Rail privatisation has yielded no benefits so far and it is doubtful it ever will, according to the new chairman of the rail passengers' watchdog.
In an interview with the Independent, David Bertram, who took over three months ago from Major-General Lennox Napier as chairman of the Central Rail Users' Consultative Committee, said: "Lots of the improvements which are promised would have happened anyway. British Rail was already introducing better customer service such as free tea and coffee in First Class and improving its performance generally."
He said that, so far, "there was a strong argument in saying that privatisation has had a negative impact". He cited how a railway worker on a station with a stuck train would not be able to talk directly to the signalbox worker at the end of the platform because they work for different companies: "The man on the station has to go to head office of the train operating company, which will contact Railtrack and then go back down to the man in the signalbox. As a result, it takes longer to get things moving again when things go wrong because of the separation of the companies".
He feels that railway managers have, in the past, been complacent: "Virtually everyone using the railway has an alternative choice. Even commuters can often use cars or buses. There is no captive market for the railways."
He criticised the rush in which privatisation was carried out: "They hurried it through. They should have looked first and followed the motto, 'first do no harm'." He is worried that extra layers of bureaucracy have been created with little benefit to the passenger.
Mr Bertram, who lives in Doncaster where he is the chairman of the local NHS Trust, arrived half an hour late for the interview, having been delayed by a broken rail on a crucial part of the East Coast Main Line track, near Welwyn: "I worry about whether these things are increasing. It is down to Railtrack, and already there has been that problem over the tracks out of Euston." (The Health and Safety Executive issued an enforcement notice against Railtrack earlier this year because of the dilapidated state of the track.)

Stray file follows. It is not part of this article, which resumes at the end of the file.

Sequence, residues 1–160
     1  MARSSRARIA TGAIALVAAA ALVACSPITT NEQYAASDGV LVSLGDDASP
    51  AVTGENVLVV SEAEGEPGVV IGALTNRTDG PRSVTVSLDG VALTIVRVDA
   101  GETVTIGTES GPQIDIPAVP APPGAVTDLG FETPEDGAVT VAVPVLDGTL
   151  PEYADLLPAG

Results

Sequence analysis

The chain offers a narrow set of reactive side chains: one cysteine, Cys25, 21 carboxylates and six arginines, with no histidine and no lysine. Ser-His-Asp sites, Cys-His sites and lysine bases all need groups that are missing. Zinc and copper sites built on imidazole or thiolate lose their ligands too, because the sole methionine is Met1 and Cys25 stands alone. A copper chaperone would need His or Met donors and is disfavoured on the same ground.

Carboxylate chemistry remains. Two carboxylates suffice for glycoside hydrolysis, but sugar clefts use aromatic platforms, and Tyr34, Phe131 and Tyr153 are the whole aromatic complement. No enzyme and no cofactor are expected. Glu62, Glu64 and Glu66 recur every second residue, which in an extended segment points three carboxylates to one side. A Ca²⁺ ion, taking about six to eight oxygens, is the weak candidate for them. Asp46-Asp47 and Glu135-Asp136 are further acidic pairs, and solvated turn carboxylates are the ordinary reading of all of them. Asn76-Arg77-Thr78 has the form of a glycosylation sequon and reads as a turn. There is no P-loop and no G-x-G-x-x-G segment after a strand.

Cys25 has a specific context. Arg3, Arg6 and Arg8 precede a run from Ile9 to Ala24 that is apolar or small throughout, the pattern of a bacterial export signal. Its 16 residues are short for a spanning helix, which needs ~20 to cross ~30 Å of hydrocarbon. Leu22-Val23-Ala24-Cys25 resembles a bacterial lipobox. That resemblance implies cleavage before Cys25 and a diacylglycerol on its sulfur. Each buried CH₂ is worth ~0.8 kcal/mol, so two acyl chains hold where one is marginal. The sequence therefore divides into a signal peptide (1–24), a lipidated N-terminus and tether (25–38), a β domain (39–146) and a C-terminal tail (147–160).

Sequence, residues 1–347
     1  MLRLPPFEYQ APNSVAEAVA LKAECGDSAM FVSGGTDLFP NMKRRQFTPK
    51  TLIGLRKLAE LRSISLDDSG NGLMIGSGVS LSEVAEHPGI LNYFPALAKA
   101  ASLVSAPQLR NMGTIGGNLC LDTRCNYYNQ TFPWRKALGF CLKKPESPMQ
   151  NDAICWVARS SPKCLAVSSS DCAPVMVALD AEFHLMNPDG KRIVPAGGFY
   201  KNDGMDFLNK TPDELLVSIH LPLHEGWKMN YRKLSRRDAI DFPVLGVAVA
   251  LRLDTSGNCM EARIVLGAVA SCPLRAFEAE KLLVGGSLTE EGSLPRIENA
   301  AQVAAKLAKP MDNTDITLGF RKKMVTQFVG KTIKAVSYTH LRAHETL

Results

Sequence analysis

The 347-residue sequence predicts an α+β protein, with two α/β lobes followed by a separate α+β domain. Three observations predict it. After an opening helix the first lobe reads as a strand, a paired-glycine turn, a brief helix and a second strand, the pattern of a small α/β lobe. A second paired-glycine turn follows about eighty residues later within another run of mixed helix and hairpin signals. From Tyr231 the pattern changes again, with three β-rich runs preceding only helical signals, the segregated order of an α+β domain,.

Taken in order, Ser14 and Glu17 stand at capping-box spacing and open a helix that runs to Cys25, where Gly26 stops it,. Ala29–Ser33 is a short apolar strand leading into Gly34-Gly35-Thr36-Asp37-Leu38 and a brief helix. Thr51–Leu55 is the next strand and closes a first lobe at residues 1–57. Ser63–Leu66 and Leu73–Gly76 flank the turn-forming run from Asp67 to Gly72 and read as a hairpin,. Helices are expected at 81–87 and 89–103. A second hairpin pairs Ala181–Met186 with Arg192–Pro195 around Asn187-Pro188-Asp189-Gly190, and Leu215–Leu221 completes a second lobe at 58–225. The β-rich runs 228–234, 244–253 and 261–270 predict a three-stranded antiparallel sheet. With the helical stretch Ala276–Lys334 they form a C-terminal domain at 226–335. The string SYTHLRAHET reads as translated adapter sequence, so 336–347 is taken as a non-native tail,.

The state of the West Coast Main Line is of enormous concern to CRUCC and he intends to campaign to ensure that improvements are brought about: "The state of the line is a disgrace and Railtrack does not seem to be doing much about it." He recognises there is a need for a total overhaul and that there are debates over what technology should be used but says: "Perhaps Railtrack is going about it the wrong way. Every day that the line is not improved means that the eventual investment will cost more."
Mr Bertram has also been angered by the introduction of a bus service between Newark and Lincoln for InterCity East Coast rail users by the new franchisee, Sea Containers. "Why didn't they try to improve the train service between the two stations instead, rather than bring in buses? If I were Central trains [the local train company], I would be jumping up and down about it."
Mr Bertram, a retired manager who spent his working life in sales and quality control, receives pounds 7,800 for the two day per week role as chairman and was previously chairman of the Eastern consultative committee.
Mr Bertram thinks that there has been too much emphasis on rail safety without consideration of the cost: "If as much attention were paid to accidents on the roads, they would close them down every time there was a shower and you couldn't see through the spray." He reckons that many of the safety features introduced recently, such as much stricter rules about who is allowed on to the track have contributed to the poor performance of the railway.
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